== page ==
Elon Musk wants customers to trial SpaceX’s Global Roaming Starlink service. The only catch is it will cost you $3,000 for the year

February 21, 2023, 5:20 PM UTC
SpaceX's co-founder Elon Musk
Starlink has supposedly told customers they’ll face an upfront cost of $800 to get Global Roaming broadband.
Justin Sullivan—Getty Images

SpaceX CEO Elon Musk may be rolling out a new Global Roaming service to serve customers in far-flung corners of the globe where Starlink-enabled internet is not yet available.

More than a million people currently use the broadband service ideal for remote areas that lack a fiber-optic network, since connectivity is delivered by a dense network of satellites in low earth orbit.

Screenshots posted to social media indicate that Starlink, the main commercial arm of Musk’s $137 billion company, sent an invite for a new Global Roaming service that allows users to “connect from almost anywhere on land in the world.” But customers should be prepared to dig deep for the privilege.

According to the email, users will need to shoulder a one-time cost of $599 for a Starlink Kit, which is made up of a disk to connect to the satellites, a tripod, and a Wi-Fi router. On top of that, users will also need to fork over $200 a month for the service itself, almost double what it charges residential customers in the United States. Including the setup costs and fees for a full year of broadband access, they’ll rack up a bill of $3,000.

Customers who aren’t satisfied with the high-speed, low-latency service can get their money back on the hardware within 30 days, the email adds. It is unclear if they will also be refunded the $200 for the first month of service. They can also cancel at any time.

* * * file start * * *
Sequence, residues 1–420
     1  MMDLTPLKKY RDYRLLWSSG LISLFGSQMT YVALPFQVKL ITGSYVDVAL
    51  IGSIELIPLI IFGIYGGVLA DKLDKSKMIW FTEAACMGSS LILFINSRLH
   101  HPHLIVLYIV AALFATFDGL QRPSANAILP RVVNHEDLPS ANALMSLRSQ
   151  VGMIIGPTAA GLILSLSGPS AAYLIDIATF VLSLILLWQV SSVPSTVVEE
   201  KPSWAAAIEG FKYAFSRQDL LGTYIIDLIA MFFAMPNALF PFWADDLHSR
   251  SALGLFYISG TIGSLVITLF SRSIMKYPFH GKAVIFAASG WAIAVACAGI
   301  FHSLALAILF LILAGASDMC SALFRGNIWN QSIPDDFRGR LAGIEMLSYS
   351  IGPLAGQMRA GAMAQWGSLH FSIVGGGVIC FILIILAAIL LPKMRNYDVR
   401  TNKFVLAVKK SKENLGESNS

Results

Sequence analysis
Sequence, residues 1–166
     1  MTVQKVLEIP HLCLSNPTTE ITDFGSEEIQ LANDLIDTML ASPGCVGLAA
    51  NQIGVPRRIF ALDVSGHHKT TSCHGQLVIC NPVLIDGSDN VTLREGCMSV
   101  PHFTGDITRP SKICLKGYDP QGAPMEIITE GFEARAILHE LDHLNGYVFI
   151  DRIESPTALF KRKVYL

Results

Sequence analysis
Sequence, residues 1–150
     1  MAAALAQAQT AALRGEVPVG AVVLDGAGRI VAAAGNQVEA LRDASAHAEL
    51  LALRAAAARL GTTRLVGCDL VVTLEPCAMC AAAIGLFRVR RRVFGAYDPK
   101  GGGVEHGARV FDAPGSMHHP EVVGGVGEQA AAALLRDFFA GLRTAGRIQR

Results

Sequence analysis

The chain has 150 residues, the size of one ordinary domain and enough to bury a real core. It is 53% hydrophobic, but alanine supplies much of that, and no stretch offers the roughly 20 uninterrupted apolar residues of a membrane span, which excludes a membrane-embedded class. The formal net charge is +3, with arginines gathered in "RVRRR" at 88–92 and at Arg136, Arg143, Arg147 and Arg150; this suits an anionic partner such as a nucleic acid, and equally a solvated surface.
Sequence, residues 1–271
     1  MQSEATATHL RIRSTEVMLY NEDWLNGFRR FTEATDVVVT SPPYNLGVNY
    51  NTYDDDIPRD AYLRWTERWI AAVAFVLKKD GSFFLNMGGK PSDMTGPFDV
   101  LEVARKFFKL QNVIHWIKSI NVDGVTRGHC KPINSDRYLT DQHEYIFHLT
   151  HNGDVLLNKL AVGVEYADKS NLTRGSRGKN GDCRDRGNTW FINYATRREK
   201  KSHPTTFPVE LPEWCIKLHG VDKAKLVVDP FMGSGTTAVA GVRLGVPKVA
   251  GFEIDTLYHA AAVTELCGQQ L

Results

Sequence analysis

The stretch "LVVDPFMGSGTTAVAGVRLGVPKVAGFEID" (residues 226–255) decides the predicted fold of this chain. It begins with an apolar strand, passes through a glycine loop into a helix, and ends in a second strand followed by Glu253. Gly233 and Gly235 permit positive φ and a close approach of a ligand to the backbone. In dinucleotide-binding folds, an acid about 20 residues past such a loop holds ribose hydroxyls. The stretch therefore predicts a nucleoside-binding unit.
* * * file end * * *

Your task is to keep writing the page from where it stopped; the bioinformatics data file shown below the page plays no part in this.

Currently Global Roaming can only be paid for in U.S. dollars, the email continues. “If you are based outside of the U.S. you will also be responsible for acting as the importer of record for the Starlink Kit, which may include the payment of customs duties and import taxes, if required.”

The email also pledges to increase the quality of service, admitting Starlink had been “intermixed with brief periods of poor connectivity, or none at all.” The email adds: “However this will improve dramatically over time.”

Where can you get this service?

The service is also subject to regulatory approvals, the email adds, which is an issue SpaceX cofounder Elon Musk has previously highlighted. When asked earlier this year if Starlink could assist in Turkey after a massive earthquake hit, the Tesla and Twitter CEO replied it could be deployed “as soon as approved.”

In other crisis-hit countries however, Musk has pulled back the service. In Ukraine he restricted the nation’s access to his satellites saying he didn’t want to be responsible for escalating the war. Earlier this month he tweeted: “Starlink is the communication backbone of Ukraine, especially at the front lines, where almost all other internet connectivity has been destroyed. But we will not enable escalation of conflict that may lead to WW3.”

For those who want to know where the coverage is currently, the email also links to Starlink’s map which shows availability now and where it’s coming in the future.

The map shows there is no coverage in authoritarian countries like Russia or China as well as Afghanistan, Syria, North Korea, Belarus, and Iran (where protesters demonstrating against the regime had hoped to receive the service). India is pending regulatory approval while coverage is coming to the likes of Turkey, Saudi Arabia, and Egypt in 2024.

PCMag added that the email had been sent to at least two people who lived outside the catchment countries of Starlink coverage, who added they have been waiting for access since early 2021.

SpaceX did not immediately respond to Fortune when contacted for comment.

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